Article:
Beware: On the notes to mariners on the British Admiralty chart it warns that with a strong southerly wind against a strong Agulhas Current waves of 20 meters height can be generated.

Bolt-holes, landfall alternatives and arrival

It is good seamanship, to review as you plan the passage, if there are bolt holes that you can run to and if diversions are feasible once on the passage. If it’s an ocean crossing passage that will not be possible, but otherwise check out safe havens, accessible harbours or ports that occur along or not far from your planned passage. Such preparation will be welcome should unexpected weather forecasts, crew or health issues, and yacht or equipment repairs, arise.  

If possible, identify alternative landfalls. This may allow you to enter an anchorage or port at 15:00 hours rather than the intended arrival destination at 19:00 hours a little further along, but then just after the sun has set.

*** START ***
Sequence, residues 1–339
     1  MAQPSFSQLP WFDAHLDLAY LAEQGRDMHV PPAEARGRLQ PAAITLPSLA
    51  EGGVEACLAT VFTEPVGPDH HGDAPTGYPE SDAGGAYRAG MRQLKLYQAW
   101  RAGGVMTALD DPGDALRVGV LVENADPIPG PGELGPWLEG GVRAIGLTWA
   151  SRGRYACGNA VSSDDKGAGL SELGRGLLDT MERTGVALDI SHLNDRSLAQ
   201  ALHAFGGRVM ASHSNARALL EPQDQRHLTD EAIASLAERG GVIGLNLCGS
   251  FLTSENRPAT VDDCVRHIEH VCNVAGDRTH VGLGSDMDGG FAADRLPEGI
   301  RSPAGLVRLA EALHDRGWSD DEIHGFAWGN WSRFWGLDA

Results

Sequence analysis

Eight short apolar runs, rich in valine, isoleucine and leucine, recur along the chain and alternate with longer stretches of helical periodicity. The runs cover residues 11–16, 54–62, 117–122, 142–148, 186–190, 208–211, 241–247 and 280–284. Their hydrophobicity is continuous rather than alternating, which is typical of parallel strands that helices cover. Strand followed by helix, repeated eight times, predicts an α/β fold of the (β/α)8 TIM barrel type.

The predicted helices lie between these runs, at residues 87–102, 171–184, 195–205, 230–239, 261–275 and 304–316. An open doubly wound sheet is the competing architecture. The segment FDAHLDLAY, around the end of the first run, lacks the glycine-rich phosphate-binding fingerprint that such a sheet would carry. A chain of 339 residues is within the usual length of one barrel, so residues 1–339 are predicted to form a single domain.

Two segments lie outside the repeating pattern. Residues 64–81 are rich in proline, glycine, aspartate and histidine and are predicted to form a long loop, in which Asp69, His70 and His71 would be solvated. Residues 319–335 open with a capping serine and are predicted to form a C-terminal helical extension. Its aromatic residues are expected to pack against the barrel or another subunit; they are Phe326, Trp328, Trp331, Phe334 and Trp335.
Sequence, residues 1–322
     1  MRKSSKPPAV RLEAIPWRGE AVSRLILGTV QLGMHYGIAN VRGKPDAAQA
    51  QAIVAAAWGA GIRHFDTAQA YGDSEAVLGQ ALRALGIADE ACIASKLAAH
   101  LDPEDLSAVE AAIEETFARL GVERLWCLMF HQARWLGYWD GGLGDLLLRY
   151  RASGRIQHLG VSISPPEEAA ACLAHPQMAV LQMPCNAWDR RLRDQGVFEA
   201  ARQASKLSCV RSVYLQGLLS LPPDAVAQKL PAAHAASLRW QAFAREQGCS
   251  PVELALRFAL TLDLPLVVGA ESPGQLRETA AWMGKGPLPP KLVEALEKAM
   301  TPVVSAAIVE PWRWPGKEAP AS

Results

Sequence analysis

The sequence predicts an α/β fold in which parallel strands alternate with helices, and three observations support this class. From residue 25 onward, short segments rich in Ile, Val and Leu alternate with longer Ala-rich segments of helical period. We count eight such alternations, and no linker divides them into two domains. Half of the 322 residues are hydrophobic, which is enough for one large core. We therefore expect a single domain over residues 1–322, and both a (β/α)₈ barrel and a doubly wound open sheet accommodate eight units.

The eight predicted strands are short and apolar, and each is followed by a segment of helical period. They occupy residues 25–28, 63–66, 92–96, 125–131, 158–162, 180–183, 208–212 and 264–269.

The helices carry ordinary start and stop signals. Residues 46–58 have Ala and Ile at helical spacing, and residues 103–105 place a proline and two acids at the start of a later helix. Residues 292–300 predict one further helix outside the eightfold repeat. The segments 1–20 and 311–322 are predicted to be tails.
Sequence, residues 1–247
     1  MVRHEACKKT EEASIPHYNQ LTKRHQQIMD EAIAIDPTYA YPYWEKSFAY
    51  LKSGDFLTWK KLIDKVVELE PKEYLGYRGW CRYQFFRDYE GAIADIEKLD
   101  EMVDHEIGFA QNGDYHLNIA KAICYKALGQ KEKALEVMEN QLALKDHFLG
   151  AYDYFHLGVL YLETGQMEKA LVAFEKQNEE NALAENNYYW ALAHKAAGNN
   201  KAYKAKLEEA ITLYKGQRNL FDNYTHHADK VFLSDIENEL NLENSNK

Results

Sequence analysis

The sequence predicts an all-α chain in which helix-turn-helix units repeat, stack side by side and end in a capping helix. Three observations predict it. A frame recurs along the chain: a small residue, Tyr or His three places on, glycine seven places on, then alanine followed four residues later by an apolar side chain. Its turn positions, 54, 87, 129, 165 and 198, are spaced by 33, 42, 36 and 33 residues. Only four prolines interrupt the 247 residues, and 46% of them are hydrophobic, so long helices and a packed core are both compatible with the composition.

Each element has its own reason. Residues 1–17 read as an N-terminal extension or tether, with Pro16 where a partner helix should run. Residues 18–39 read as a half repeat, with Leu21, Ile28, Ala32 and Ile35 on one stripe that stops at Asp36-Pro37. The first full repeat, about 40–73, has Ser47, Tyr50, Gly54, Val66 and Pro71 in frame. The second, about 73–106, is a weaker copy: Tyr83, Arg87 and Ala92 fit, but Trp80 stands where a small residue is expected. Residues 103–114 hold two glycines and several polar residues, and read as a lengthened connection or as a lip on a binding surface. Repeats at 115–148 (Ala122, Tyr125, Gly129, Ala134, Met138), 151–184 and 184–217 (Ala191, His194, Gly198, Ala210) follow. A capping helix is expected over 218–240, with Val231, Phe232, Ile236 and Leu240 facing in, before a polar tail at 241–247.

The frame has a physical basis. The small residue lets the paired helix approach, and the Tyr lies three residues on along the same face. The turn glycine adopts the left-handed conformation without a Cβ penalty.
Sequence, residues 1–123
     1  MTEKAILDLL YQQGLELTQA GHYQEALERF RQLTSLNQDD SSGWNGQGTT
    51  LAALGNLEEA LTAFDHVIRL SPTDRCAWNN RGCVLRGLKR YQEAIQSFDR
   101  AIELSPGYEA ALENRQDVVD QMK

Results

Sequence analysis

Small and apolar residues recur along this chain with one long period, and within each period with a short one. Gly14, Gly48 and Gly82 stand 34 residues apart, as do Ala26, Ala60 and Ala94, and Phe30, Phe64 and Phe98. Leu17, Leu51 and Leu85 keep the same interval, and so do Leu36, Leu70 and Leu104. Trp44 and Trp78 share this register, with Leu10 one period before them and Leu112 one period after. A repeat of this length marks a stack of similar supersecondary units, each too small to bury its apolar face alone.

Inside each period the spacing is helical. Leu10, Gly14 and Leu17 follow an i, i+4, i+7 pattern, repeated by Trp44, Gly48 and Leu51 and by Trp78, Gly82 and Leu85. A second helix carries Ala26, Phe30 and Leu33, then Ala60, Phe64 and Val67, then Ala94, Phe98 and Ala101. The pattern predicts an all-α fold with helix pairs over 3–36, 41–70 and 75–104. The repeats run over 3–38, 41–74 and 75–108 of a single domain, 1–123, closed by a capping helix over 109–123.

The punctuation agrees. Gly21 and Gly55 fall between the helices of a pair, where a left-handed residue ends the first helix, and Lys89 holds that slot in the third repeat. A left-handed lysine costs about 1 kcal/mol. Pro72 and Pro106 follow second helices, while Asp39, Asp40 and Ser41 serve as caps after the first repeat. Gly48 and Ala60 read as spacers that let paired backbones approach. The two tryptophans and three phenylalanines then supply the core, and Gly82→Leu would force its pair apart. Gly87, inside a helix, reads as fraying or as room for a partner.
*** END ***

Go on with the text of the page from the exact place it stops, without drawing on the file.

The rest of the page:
It is important to understand the customs notice and procedures of your destination port and country well before you arrive.

Australian customs and border control, for example, are notoriously strict, and you must give them notice of your arrival no less than four days beforehand. Many of the foodstuffs you may consider inconsequential, and simply part of your yacht provisions will be confiscated and destroyed at your expense if they are prohibited, so find out all you need to know before you depart.

If possible, arrive in the morning on a weekday, this will give you plenty of time to get arrival processes underway before customs, immigration and port control close. In some countries these offices are open 24/7, others are not, and yet others will charge you overtime! 

So, relax, smile and be friendly, I have found that most officials will help you unless you start getting impatient and agitated. Understand you are in their country, mostly with no rights and they have the power to keep you waiting all day and night if they want to, and then decide to search your yacht, unfit all the panels, take down head-linings, tip out all your possessions, leaving you to put it all back together when they’ve finished.

So, stay calm and smile!